As a result, my appreciation of these camellias was one based on quick sightings from a distance. The other day I stopped by to get a close look. I knocked on the door of the house but no one answered. I was already parked right beside the camellias, and I took two photos.

These are some of the Ackerman hybrids, camellias noted for their cold hardiness. The comparatively big flowers are full of petals and retain some of the fragrance of the wild forms of Camellia sasanqua and C. oleifera. When they are in full bloom, they remind me of big old plants of double flowered althea or rose of Sharon, Hibiscus syriacus.

The plants shown here grow in full sun in a site fully exposed to wind: in other words, hardly the sort of place where one would expect a camellia to thrive. Over the years I've noticed some browning during the winter, but other than that they seem to be well adapted to these conditions.

A neighbor down the street also has one of these Ackerman camellias and it, too, is full of bloom right now. No other November-flowering shrub comes close to these for flower color effects.

Update, June 2016: all but one of these camellias was severely damaged or killed in the 2015-2016 winter. The dead/damaged plants have been removed, and only one survives at this site.



Elaeagnus season

The members of the genus Elaeagnus have had a varied history in our gardens, sometimes loved, sometimes loathed. E. umbellata is one of those shrubs which is used in the medians of interstate highways but rarely invited into gardens. E. pungens occasionally finds its way into gardnes, and just as often is eventually evicted. It's one of those plants with some very good qualities, but it is also potentially a rampant grower which, if it's to look at all cultivated, requires frequent attention with the pruning shears.
Lately I've been giving a lot of attention to the selection of an evergreen woody plant for use around the oculus of the pergola. Among the plants considered have been autumn camellias, Hedera helix, Buxus sempervirens 'Graham Blandy', Ilex crenata 'Sky Pencil', yews and winter jasmine. Recently I was in another garden where Elaeagnus pungens had been effecitvely domesticated, and that got me thinking about this often overlooked plant. The more I thought about it, the better it seemed.

I headed out to one of the local nurseries the other day to see if one might be available. My timing was perfect: plenty of very handsome pot grown plants of Elaeagnus pungens 'Fruitland' in full bloom were there to tempt me. They were however a bit bigger (and thus more expensive) than I expected, so I kept looking. I didn't find smaller plants, but I did find something else which won me over immediately: Elaeagnus × ebbingei 'Gilt Edge'.

As a rule I'm no friend of variegated plants. The day was overcast, and that might have affected my decision because those plants glowed with an unmistakably sunny cheer. They were in gallon pots, the price was right and two came home with me. In my mind's eye I can see each of them forming one of the wall pannels of the pergola and providing lots of warm color throughout the winter.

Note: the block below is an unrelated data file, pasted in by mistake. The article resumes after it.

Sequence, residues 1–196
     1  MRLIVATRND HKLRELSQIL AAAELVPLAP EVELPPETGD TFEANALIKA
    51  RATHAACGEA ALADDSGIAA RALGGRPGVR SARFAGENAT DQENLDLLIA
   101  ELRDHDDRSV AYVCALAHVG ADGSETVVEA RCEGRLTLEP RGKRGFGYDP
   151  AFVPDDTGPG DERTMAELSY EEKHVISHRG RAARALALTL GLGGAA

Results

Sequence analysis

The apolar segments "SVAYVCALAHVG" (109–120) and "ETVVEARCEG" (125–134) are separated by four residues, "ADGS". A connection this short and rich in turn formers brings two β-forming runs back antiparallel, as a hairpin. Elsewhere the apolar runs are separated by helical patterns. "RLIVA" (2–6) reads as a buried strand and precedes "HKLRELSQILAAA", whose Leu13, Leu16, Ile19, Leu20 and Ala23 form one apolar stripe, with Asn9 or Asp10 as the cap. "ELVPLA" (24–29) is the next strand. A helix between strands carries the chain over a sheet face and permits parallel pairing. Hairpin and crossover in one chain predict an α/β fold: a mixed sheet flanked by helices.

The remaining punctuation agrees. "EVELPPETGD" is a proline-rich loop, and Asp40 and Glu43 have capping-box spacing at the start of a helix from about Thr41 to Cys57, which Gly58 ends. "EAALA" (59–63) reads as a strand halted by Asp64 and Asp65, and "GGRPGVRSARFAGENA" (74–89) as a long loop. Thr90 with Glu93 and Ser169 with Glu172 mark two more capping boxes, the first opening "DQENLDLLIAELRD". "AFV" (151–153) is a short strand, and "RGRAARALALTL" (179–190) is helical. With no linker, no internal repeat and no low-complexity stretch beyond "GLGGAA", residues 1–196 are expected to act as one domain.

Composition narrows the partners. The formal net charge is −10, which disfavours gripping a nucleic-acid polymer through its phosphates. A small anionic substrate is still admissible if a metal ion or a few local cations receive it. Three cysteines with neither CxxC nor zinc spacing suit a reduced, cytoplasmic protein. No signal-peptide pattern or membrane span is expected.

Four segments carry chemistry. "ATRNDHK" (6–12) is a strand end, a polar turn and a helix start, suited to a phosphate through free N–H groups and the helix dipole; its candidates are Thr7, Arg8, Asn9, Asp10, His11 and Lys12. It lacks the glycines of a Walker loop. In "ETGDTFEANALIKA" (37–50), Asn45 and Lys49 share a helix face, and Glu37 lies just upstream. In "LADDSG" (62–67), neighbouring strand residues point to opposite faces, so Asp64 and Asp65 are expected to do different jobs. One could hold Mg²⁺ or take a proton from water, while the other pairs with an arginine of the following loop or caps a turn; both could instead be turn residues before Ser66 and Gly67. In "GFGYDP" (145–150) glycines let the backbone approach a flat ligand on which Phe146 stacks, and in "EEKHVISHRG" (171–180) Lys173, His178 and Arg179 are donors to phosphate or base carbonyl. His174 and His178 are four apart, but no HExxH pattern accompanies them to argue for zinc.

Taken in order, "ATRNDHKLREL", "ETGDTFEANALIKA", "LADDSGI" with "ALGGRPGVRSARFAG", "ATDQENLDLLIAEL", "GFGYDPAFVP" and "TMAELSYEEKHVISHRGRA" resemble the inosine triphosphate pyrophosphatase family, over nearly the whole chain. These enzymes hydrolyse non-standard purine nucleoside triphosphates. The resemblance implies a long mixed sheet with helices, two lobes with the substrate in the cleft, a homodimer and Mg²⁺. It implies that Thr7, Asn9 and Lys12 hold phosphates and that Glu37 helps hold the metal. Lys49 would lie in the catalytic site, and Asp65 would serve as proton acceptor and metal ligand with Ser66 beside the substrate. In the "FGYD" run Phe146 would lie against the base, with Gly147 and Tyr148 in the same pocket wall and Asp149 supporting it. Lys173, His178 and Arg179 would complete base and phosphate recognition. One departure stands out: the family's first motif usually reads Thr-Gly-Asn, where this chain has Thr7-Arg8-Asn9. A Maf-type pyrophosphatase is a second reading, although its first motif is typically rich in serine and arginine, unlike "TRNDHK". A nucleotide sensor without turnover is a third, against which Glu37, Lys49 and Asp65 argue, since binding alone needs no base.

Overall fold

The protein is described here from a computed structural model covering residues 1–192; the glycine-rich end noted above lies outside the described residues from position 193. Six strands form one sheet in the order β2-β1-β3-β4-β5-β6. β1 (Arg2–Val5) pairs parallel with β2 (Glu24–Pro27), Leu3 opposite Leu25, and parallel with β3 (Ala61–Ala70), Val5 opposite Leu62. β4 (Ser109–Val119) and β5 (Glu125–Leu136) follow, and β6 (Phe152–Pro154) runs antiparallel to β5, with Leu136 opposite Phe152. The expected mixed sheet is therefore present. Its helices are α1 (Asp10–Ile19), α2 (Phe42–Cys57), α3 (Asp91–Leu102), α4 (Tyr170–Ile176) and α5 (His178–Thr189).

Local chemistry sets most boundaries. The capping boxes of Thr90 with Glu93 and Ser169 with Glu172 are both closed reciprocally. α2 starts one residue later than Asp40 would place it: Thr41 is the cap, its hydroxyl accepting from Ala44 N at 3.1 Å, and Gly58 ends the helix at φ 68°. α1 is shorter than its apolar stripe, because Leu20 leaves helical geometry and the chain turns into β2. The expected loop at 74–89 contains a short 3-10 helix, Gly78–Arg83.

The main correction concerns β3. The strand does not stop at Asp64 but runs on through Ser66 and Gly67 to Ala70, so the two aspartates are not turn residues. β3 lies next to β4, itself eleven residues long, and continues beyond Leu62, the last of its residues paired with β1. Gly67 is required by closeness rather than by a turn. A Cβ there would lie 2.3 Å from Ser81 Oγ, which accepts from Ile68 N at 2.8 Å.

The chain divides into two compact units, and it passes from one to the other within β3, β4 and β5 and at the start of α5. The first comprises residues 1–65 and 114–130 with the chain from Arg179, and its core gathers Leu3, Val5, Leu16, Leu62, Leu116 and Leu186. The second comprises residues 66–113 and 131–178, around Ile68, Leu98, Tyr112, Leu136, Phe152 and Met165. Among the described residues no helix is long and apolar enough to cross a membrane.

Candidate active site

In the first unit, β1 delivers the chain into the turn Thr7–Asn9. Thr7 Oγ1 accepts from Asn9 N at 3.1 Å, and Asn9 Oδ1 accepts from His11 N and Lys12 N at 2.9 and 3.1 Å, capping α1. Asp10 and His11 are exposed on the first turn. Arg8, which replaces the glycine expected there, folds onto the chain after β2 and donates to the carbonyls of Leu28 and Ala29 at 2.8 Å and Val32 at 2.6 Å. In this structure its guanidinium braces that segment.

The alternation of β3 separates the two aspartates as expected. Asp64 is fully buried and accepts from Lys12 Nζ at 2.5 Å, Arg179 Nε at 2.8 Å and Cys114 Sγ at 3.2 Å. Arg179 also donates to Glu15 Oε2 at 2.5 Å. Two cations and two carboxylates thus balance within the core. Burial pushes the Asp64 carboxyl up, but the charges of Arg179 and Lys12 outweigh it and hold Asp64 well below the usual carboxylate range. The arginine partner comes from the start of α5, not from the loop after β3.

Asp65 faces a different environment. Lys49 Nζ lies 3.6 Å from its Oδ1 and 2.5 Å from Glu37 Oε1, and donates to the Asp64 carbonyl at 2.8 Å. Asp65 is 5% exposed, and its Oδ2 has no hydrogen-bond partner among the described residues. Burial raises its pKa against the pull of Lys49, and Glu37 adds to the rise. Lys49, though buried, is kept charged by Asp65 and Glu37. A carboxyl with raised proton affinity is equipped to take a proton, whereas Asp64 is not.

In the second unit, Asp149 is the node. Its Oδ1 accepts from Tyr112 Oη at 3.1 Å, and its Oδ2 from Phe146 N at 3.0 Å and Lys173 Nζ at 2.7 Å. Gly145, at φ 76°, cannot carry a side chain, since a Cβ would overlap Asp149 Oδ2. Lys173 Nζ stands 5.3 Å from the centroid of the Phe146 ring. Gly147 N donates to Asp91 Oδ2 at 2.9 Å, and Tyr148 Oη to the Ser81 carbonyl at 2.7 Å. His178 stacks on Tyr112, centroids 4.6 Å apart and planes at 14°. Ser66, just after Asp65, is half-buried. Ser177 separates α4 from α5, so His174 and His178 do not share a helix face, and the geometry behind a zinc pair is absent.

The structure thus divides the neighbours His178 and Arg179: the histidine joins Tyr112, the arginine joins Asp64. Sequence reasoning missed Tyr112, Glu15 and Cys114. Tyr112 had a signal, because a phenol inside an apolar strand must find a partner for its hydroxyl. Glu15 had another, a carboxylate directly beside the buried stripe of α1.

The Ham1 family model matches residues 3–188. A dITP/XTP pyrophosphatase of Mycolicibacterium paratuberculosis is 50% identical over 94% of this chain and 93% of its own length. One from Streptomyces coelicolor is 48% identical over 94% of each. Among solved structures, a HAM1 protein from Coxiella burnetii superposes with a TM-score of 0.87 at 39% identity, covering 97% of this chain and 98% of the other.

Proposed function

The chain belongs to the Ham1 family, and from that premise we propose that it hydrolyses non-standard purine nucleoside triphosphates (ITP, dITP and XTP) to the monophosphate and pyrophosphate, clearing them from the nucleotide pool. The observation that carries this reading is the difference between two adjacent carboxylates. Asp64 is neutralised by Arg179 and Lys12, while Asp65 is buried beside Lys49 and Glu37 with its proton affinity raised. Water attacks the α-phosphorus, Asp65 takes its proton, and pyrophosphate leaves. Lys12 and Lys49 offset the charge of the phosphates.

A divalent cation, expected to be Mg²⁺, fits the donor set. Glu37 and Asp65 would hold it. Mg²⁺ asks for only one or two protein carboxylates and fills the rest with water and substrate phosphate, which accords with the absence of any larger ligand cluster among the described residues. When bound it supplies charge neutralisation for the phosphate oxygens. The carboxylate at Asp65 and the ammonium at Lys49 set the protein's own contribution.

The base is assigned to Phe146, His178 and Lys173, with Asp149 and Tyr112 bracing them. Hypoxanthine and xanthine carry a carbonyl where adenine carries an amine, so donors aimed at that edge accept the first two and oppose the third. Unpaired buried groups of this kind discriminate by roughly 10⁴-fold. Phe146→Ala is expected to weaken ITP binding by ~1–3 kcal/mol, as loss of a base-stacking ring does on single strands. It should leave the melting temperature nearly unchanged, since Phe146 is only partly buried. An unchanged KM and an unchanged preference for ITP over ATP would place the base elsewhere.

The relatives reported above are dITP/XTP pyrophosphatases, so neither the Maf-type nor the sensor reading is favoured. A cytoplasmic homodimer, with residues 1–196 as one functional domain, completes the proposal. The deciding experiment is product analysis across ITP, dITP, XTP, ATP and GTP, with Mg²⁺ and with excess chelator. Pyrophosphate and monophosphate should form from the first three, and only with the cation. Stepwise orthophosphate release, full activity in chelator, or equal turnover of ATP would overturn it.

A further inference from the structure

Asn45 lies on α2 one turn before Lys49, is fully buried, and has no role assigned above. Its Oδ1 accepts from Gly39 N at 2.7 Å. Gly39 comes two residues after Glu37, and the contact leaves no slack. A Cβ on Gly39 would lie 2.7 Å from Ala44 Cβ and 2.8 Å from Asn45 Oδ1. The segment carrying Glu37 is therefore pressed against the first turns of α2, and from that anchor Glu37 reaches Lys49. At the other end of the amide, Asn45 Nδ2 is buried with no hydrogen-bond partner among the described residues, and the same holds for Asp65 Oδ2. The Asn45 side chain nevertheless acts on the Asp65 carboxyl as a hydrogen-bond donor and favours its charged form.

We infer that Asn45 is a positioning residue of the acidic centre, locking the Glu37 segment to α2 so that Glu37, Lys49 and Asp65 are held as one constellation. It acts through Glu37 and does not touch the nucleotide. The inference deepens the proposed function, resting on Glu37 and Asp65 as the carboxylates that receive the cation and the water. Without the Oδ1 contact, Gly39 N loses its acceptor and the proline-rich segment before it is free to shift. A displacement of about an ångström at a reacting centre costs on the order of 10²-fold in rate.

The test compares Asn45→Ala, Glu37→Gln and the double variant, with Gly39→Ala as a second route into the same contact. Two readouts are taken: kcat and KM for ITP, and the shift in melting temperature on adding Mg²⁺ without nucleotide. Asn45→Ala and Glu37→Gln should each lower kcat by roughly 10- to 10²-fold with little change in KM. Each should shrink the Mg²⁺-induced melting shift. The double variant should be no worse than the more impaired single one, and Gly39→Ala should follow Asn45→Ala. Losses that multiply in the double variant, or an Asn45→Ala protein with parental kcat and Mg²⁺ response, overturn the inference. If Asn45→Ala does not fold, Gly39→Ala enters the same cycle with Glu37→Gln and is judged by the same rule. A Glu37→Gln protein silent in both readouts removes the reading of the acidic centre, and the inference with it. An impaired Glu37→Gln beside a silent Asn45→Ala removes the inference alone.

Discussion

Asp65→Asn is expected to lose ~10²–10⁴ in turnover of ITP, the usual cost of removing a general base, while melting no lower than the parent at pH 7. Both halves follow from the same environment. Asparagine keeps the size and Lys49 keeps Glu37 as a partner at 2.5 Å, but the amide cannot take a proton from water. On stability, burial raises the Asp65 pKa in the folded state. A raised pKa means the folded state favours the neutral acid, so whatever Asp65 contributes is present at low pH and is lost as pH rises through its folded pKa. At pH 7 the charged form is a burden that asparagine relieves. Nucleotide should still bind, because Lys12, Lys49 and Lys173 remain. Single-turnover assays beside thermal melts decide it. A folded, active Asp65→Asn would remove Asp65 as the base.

The plants of 'Gilt Edge' were not in bloom, so I also bought one of the plants of Elaeagnus pungens 'Fruitland' to have the fragrance immediately. This is a strange fragrance, intense, potent, far reaching on the air: just what I like in my garden.

I'm not sure how hardy 'Gilt Edge' will prove to be: it might come to grief in a bitterly cold winter, and if the plants are not killed outright I'll have to look at sad, browning foliage until new foliage appears on whichever branches have survived. I know something is wrong here: when I look at these newly purchased plants with their clean, lustrous leaves brilliantly splashed with strong yellow, I can't help being aware that this potentially gorgeous plant is not common in our gardens. I know I'm not the first to try it, and I have a hunch I will not be the first to fail with it eventually.
Common names for Elaeagnus are confusing. In English we call them autumn olive, but they are not members of the olive family but rather members of their own family, Elaeagnaceae. In German they are called Ölweide, which I take to mean olive willow or oil willow. Another name sometimes encountered in English language texts is oleaster. This literally means second-rate olive (compare cotoneaster, poetaster and so on). E. umbellatus is sometimes grown for its edible fruit.

In the image above, you can see Elaeagnus × ebbingei 'Gilt Edge' in the foreground and E. pungens 'Fruitland' full of blooms in the background.

Begonia boliviensis 'Bonfire'

Last year, too late to find one for sale, I heard through the grapevine about Begonia boliviensis ‘Bonfire’. I was able to obtain one this year and the short version of the story is WOW! Those of you who garden in areas congenial to summer blooming tuberous begonias might not be too impressed with this plant, but for those of us who garden under the sort of summer conditions we experience here on the East Coast, this begonia is a welcome addition to our summer garden flora. It bloomed here all summer and into the fall without a break and grew vigorously the whole time. I’ve heard that vigorous old plants produce annual growth several feet long!